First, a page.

By N. Bellos
Creditors' top negotiators will have to return to Athens this week in order for a staff-level agreement to be achieved by the April 7 Eurogroup meeting, otherwise the delay could extend into May, with the commensurate negative impact on the still-recession plagued Greek economy.
European officials echoed that sentiment in Brussels over the weekend, while pointing to language used by Commission President Jean Claude Juncker in a response to a letter by Greek Prime Minister Alexis Tsipras, ahead of the Rome summit, with the former urging for a rapid agreement.
Juncker's diplomatic and more-or-less Delphic response, namely, that all sides must work responsibly towards a staff-level agreement for April 7, is judged as the most important point in the letter.
The reference to a specific date, April 7, by a top European official is also a first. Neither Eurogroup chairman Jeroen Dijsselbloem nor EU Commissioner Pierre Moscovici had previously cited any date as an "unofficial deadline".
One Community source said Juncker's reference to a specific date was due to figures showing repercussions from the ongoing delays, such as a continuing recession and higher unemployment figures from the fourth quarter of 2016.
Although little time remains ahead of the latest date cited as a deadline, sources in the Belgian capital estimate that both sides - Athens and creditors - know the other side's positions very well, allowing for a quick resolution if a decision is taken to conclude the negotiations.
Four days worth of negotiations last week in Brussels reportedly recorded significant progress over fiscal issues. Conversely, labor market reforms and power sector liberalization remained unresolved.
On its part, the increasingly embattled Tsipras government in Athens is continuing to publicly insist that it wants a "comprehensive" agreement that will include medium-term debt relief measures and an exact listing of primary budget surplus targets for after 2019.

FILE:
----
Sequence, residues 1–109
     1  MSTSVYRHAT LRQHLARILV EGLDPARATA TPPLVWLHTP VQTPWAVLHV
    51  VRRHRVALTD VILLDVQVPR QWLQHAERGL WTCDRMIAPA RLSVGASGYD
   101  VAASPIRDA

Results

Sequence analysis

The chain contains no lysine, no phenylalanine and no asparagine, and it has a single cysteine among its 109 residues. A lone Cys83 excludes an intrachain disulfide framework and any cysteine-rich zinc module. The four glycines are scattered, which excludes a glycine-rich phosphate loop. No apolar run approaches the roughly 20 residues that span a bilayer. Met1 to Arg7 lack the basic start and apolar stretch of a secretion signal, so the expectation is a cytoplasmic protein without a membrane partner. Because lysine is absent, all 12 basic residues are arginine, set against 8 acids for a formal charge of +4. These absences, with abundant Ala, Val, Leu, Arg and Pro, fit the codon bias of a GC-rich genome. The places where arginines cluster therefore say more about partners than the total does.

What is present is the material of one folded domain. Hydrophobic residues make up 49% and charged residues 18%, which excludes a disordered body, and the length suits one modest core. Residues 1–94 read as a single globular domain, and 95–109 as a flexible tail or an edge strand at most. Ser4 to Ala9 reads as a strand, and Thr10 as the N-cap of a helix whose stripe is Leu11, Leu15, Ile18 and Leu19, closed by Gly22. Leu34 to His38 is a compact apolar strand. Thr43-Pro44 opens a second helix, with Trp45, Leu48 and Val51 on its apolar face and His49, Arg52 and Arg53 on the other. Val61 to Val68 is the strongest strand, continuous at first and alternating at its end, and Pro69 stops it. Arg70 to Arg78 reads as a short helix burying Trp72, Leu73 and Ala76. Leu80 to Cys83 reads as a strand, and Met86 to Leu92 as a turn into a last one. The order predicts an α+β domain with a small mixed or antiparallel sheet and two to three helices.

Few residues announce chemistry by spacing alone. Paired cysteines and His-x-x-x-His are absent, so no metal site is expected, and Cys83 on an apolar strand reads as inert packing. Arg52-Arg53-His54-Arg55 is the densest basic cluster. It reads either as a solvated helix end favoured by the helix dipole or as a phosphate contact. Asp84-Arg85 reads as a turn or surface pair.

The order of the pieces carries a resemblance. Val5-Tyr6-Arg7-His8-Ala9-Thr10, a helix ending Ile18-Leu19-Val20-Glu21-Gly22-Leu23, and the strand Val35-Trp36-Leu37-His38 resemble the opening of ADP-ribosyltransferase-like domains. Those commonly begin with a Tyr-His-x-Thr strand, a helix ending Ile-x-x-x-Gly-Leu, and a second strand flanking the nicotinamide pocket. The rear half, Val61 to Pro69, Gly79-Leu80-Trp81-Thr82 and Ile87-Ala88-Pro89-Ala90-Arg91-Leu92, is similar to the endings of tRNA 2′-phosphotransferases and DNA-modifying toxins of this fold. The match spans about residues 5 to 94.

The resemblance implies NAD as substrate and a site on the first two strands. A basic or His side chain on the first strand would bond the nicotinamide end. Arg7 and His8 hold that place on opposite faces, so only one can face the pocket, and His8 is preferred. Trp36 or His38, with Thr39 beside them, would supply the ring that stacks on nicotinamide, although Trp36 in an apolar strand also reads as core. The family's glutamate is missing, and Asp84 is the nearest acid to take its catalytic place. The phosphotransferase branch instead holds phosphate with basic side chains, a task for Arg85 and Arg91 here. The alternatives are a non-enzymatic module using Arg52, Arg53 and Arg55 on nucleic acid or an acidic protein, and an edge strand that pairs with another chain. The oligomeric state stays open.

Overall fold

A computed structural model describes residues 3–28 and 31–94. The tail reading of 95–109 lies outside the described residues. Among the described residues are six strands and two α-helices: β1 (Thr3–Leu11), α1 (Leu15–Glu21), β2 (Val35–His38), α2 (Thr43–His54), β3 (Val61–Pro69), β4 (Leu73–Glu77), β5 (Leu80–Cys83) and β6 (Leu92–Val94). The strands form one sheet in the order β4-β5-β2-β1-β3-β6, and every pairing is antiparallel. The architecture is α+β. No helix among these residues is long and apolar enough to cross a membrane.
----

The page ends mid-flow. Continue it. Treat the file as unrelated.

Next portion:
Nevertheless, more pessimistic estimates hold that a staff-level agreement is remote before the annual spring IMF summit in Washington (April 21-22), with the Greek side laying the blame on the IMF for its "rigid" position on labor market reforms.
For the leftist-rightist coalition government the demand to restore obligatory collective bargaining in the country between unions and employers' groups is considered as its "Holy Grail" in negotiations, even if gasping talks risk tanking the Greek economy's recovery in the first half of 2017.
According to reports, the Tsipras government is attempting to win a concession on the labor sector front that will be portrayed as a victory, and in order to smooth over reactions to concessions on practically all creditor demands -- such as pension cuts, a lower tax-free income threshold, energy sector liberalization and even the sell-off of several power stations in northern Greece operated by the dominant state provider (PPC).
The Tsipras government, when and if it concludes negotiations, will have to present the draft agreement with creditors to parliament for ratification. As such, a deal that includes only austerity measures and stepped up free market reforms will not meet with an enthusiastic response by the slim 153-deputy parliament majority of MPs that keep the coalition government in power.